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The 2014 Chevrolet Corvette really grinds Peter De Lorenzo's gears. Or, more accurately, the self-anointed Auto Extremist has an issue with what he sees as mismanagement of the legendary sports car by General Motors executives. In a new editorial on his website, De Lorenzo argues it's time to split Corvette off from Chevrolet to create an all-new brand, complete with a model range with at least three new takes on the sports car. Capable of fully leveraging the successes of the Corvette Racing program and brandishing the full might of GM's technical prowess, the Corvette brand would theoretically give Porsche something to sweat over.
Sure, that sounds like a party, but given GM's troubled track record when it comes to launching (let alone managing) brands, we say that's slippery slope that could just as easily end with the whole Corvette franchise in the scrap bin. Either way, the notion is certainly an interesting one. Head over to Auto Extremist to take in the full editorial, and then let us know what you think in Comments. Should GM split off its most storied nameplate?
That was fast. Mere days after showing a Police Concept based on the 2015 Tahoe at the SEMA Show, Chevrolet has announced that it will build a PPV model based on the SUV to do battle with the Ford Police Interceptor Utility (Explorer) and Dodge Durango Special Service.
You'll recall that the Tahoe has been police staple for several years, predating both the Explorer and Durango police variants, so the fact that the new model would spawn a police variant is hardly surprising. Like the civilian model, the 2015 PPV benefits from a more efficient 5.3-liter, direct-injection V8 that pumps out 355 horsepower and 383 pound-feet of torque. It also features more high-strength steel, offering better crash protection, on top of optional safety items like lane departure warning, forward collision alert and a Safety Alert Seat.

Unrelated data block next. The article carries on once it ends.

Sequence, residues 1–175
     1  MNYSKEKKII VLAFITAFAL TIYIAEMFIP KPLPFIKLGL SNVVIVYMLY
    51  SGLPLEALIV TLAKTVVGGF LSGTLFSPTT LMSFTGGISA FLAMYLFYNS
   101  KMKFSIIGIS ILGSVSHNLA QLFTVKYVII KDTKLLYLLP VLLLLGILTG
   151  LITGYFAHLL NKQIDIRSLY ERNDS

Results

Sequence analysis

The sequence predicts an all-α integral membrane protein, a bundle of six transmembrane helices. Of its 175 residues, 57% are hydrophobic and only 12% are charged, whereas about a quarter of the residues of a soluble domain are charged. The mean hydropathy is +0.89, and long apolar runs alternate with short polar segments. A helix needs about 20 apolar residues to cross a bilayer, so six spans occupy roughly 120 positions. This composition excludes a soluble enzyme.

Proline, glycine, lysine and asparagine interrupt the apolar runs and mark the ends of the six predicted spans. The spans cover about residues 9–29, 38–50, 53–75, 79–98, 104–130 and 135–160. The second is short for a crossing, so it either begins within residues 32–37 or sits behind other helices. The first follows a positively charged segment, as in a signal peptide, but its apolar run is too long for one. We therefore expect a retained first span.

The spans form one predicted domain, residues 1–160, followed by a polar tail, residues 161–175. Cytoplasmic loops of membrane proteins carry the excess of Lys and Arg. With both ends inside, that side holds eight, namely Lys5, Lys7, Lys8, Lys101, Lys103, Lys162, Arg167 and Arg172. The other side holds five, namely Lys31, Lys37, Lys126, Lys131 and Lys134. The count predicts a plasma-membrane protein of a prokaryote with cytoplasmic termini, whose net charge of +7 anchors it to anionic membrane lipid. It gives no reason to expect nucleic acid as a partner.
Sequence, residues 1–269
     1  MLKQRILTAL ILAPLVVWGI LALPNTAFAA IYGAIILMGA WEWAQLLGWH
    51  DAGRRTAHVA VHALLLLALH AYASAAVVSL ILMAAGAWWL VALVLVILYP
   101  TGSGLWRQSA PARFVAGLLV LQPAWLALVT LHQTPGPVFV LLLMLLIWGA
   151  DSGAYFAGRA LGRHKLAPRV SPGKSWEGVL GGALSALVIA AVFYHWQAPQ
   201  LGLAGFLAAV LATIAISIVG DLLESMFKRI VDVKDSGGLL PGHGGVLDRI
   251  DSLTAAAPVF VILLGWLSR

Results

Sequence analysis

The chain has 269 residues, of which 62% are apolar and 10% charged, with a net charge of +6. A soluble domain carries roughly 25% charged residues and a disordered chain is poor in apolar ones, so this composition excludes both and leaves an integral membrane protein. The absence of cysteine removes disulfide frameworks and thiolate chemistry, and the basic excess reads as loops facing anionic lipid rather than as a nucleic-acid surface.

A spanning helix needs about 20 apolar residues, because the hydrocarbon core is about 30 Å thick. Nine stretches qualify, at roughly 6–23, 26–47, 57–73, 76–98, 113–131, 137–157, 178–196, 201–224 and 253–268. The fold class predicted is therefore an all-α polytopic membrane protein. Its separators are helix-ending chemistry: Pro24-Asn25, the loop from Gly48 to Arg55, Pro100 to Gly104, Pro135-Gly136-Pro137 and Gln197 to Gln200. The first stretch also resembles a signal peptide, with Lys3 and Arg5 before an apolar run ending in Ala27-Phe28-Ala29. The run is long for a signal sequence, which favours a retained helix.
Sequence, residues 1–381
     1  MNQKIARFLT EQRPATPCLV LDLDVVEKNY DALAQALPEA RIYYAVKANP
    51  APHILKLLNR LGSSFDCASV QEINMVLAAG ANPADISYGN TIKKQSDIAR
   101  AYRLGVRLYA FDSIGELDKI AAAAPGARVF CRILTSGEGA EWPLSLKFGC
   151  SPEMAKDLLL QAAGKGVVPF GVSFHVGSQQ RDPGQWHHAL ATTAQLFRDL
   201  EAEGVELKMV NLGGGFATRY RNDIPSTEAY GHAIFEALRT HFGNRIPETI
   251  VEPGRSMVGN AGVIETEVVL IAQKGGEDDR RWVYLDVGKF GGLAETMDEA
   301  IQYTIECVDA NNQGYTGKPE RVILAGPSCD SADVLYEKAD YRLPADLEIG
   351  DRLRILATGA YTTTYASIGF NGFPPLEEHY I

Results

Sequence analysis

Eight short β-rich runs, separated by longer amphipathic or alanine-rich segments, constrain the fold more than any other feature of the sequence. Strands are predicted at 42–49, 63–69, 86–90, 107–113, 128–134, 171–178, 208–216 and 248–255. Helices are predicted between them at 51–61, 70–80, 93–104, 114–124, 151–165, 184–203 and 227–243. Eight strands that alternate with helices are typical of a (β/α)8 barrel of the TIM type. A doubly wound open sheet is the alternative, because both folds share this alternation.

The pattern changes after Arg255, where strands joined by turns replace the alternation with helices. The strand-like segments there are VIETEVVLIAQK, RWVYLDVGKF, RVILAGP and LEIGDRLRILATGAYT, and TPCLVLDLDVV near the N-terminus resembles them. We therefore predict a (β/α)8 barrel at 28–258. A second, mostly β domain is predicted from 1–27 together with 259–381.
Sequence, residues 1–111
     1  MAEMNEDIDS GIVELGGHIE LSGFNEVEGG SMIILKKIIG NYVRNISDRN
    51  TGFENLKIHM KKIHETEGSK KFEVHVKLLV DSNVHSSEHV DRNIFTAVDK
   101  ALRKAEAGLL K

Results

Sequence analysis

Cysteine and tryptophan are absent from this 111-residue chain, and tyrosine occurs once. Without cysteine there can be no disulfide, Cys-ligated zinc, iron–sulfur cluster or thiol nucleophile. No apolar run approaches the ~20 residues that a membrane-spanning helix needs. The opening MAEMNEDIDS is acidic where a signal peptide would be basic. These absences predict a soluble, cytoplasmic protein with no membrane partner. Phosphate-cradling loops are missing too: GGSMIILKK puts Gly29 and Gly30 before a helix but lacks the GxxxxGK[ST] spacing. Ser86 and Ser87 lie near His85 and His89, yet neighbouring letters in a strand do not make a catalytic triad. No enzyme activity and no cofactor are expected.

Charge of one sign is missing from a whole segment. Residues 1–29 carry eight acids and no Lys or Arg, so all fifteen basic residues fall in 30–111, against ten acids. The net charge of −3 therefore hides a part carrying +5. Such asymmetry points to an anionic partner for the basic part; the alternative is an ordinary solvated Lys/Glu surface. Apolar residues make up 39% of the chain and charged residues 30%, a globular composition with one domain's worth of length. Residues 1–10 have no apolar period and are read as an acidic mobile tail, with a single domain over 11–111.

The press release is rather light on police-specific items, aside from the auxiliary battery, which keeps the myriad of electronics in a modern police car running even when the engine isn't. Lightbars, 17-inch steel wheels on Goodyear Eagle RS-A tires and a push bar round out the mods for the Tahoe PPV. The cabin features a revised center console and room for laptop and other equipment mounts.
We've been on the fence with NASCAR for some time now. On one hand, it's some of the closest racing anywhere in motorsports, with actual passing and door-handle-to-door-handle action as a matter of course. But on the other, it's become template racing - a personality-driven sport more about the drivers than any sort of loyalty to a particular automaker. The Car Of Tomorrow format really rammed that message home, with a racecar's identity coming down to little more than headlamp stickers slapped on the nose. That's not necessarily a bad thing in and of itself, but we've wondered for some time what's in it for the automakers, who pay big money to stay in a series that has had little increasingly little do with street car sales, let alone innovation.
Apparently General Motors was beginning to wonder the same thing. In a new ESPN report, Rick Hendrick, team owner of Hendrick Motorsports, suggests that GM would have seriously considered leaving NASCAR if it wasn't for the move away from the COT to the new Gen 6 racer. According to Hendrick, GM North America boss Mark Reuss spearheaded the charge away from the 2007 COT and toward a racecar with clearer automaker ties - cars like the new Chevrolet SS racer shown above. Learn more about the fight for a closer-to-production look in the ESPN story at the link.
Now, if we could just get more rear-wheel drive V8 coupes into showrooms....